HHS students tell Andrew Wunderlich and Oscar Barajas-Gomez their worst experiences, and they turn them into illustrated stories with sound. This time: Class Presentations.
IMAGES by Andrew Wunderlich
SOUNDS by Oscar Barajas – Gomez
Multimedia class took a little field trip to the disc golf course last week.
Emmert VS. Calhoon. ‘Nuff said.
“The career fair showed me I don’t have to be what society wants me to be.”
-Amber Poer, HHS Class of ’13
Women have moved up in the world throughout the century from staying at home to jobs that normally have men in employment. On Friday, May 17th, students from Heritage High School attended the Women in Trade Career Fair in Oregon that is anything but traditional.
The fair included hands-on activities for women and girls to explore the possibility of taking a future job in the trades. Activities like construction experience, positive skills coaching, and working directly with female role models were available at the career fair.
High-paying trades like plumbing and construction were encouraged careers for young women to pursue because women have remained 2.5% of the construction-trades skilled workforce for the last 30 years.
Oregon Tradeswomen, Inc. who runs the Women in Trade Career Fair has been doing it since 1993 to increase the number of women working in the trades and to help fill the gap in the labor force that has dropped because upcoming retirements of skilled trades people.
On the 13th of March, two AP Lit classes and two AP Lang classes wandered down to HHS’s library and sat down at the tables in the back corner, there to listen to their guest speaker from Seattle talk about her book. Her name was written on the board in Ms. Zadeh’s neat handwriting:
“Jacqueline Moulton, writer, artist, teacher.”
Jackie, as Ms. Zadeh called her, stood shorter than about three-quarters of the kids in the room. Her large red-rimmed glasses matched her lipstick. She paced back and forth as her royal blue skirt swirled beneath her, and presented her ideas about the fear that inevitably comes with the creative process. Her soliloquy came with genuine earnest and cat-lady humor. She spoke, unscripted and enthusiastically, about fear and creating and failure to an audience of slouching English kids, all mesmerized by this colorful and Miss-Frizz-from-the-Magic-School-Bus-but-with-tattoos-like-person.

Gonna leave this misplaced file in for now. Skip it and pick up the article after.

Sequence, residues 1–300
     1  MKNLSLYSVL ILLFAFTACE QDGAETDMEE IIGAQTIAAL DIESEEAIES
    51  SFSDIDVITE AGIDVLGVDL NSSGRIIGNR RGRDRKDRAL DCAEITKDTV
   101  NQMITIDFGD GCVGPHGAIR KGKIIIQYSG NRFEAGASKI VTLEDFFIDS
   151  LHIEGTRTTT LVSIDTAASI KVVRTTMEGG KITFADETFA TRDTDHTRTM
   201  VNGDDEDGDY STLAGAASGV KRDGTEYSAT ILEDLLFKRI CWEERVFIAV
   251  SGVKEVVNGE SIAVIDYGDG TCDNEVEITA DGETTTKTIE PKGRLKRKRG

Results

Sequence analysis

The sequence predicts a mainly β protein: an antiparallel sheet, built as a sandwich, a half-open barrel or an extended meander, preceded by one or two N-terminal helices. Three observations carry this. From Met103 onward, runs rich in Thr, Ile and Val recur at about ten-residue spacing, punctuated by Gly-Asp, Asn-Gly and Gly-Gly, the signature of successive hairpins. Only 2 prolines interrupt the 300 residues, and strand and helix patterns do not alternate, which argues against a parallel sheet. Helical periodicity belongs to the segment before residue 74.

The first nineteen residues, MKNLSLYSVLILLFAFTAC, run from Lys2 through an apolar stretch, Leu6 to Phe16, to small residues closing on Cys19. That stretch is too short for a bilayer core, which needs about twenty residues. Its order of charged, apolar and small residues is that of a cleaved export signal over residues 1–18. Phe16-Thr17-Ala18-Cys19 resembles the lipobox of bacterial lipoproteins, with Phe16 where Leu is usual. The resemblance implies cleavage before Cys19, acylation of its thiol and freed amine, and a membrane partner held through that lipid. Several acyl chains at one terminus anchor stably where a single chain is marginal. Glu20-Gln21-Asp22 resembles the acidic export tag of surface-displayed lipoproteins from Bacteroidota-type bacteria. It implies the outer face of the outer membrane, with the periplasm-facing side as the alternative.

Her book “The Day I Was Too Afraid to Jump Off the Highdive & Other Tales of Fear and Trepidation,” presents her numerous ideas about fear in a collection of poems, prose, and pictures. Fears of silly things, like cardboard tampons or stubbing a toe. Fears of big things, like loss, loneliness, unknowns of life. Read more
Pure thrill and excitement fills every inch of my body as we pull up to the headquarters of the one the only, Nike. Giant banners hang behind the water fountains as if guarding the entrance. A small group of us Heritage kids stick together, there for a presentation. But it’s more than that. It’s an opportunity.
Our Heritage group, small and determined, marches in. Memorable statues, shoes, and clothing sit in perfect display. It would take hours to explain all the meaning behind all this stuff. 80 other students, full of ambition, hustle around to look at everything in this museum. Some huddle around the designers and marketers, all trying to stand out.
The presentation covered the upcoming Nike Creative Workshop and what it’s like at Nike. Every type of person that has input on a single shoe, designers, specialists on fabrics, colors, different types of plastics was present. It gave us a glimpse on what it takes to be a Nike employee. All of us students participated in a designing contest. We had fifteen minutes to design a shoe and sketch it. The grand prize: an internship at Nike.
Chris Lindauer, the president sports career consultant, and Anthony Roberts, the leader of Uneek Projects, gave me a full pass to go for the day free of charge Read more
A made up creature from a movie, maybe, or a prototype for the next great invention.
Three-dimensional modeling and sculpting makes these things possible. Ideas become reality.
Mrs. Wendlandt has been teaching here at Heritage for twelve years in the 3D production industry for four years.
“3D is a great career that has been exploding with popularity,” she says. “Anybody can now design, invent or create. It’s no longer limited. It’s a great way to conceptualize and speed up production.” Industries like the entertainment, gaming, Read more